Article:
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                  I appreciate the information I've been given. I believe I have been
                  "schooled" effectively. :)

                  1st lesson learned. Read spec more carefully.
                  2nd lesson. Don't trust all CSS information to be mostly true in FO.
                  3rd lesson. read better books.

                  Now that I feel I have a better understanding of the em in the FO realm, has
                  anybody used it in FOP?

                  I mean, if I'm using it to determine a column width, and I have multiple
                  fonts and sizes within my document, how do I code so a specific font is
                  within the scope of that column width?

                  Josh


                  At 06:38 14-05-2001, Joshua Kimmel wrote:
                  >If that's true about using the em, that it doesn't change based on the font
                  >sizes with in my fo document, then that's cool.

                  <confusion amount="more"/>

                  An em-spec'd measurement can't change *while viewing* a PDF, because the
                  font size can't change. When formatting a document using XSL, 1 em will
                  always be the current font size. It won't *change* as such, over time, but
                  1 em will mean different lengths in different FOs, depending on the font
                  size in use for that FO.

                  >My old method was to measure the width of the "M" in whatever font
                  manually,
                  >then code it in as a variable, and then just multiply by it wherever I
                  >needed to maintain a size of say exactly 60 characters in the specified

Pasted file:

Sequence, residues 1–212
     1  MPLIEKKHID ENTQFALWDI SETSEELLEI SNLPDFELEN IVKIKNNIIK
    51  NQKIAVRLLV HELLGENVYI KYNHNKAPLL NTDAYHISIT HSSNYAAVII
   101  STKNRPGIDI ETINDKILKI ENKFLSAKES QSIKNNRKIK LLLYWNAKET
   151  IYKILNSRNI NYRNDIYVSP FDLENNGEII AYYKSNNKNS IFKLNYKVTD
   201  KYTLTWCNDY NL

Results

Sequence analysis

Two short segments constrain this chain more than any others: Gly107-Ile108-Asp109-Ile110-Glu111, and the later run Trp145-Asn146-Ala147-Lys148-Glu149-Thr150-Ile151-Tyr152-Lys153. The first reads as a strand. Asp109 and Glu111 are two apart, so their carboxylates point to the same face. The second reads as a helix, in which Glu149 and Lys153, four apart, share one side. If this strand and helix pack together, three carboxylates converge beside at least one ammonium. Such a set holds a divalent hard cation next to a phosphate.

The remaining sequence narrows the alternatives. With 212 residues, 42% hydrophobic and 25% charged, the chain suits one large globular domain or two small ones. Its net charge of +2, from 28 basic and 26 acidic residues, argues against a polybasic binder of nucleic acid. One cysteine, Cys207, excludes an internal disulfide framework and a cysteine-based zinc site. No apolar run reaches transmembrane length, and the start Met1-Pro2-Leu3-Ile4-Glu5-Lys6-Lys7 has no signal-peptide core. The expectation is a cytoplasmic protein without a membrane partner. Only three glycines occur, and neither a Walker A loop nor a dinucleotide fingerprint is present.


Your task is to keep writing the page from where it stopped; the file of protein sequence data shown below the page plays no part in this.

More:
>font.

                  Ah. An average character width, unless you're using a fixed-pitch
                  typeface, is not going to be 1 em. It will vary based on the face itself;
                  a good way to take the measure is to type out the lowercase alphabet in
                  that face and measure it.

                  >Additionally, I haven't found anything that says that the current use of
                  the
                  >em unit is equal to the fonts current size.

                  I believe Tony's quote from the spec fulfilled that. Out of curiousity:
                  where were you looking?

                  >CSS books still claims its use
                  >as being equal to the M of the current font, and fop's support for the em
                  >unit doesn't hold up to that either.

                  Section 4.3.2 of CSS 2 says "em: the 'font-size' of the relevant font";
                  section 6.1 of CSS 1 says much the same. If books about CSS disagree with
                  the spec, they're wrong. In any case, we're dealing with XSL, which
                  addresses a slightly different domain from CSS, and expectations based on
                  CSS may prove misleading.

                  -Chris
                  --
                  Christopher R. Maden, XML Consultant
                  DTDs/schemas - conversion - ebooks - publishing - Web - B2B - training
                  <URL: http://crism.maden.org/consulting/ >
                  PGP Fingerprint: BBA6 4085 DED0 E176 D6D4 5DFC AC52 F825 AFEC 58DA